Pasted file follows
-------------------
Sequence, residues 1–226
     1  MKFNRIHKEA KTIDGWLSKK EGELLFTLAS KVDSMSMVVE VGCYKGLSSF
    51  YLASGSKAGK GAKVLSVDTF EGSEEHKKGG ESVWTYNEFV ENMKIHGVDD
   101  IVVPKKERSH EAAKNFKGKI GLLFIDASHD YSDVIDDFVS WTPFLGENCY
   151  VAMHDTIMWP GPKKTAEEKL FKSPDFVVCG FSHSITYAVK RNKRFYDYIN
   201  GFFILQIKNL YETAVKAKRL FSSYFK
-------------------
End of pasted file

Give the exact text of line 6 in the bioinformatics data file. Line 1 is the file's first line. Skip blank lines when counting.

   201  GFFILQIKNL YETAVKAKRL FSSYFK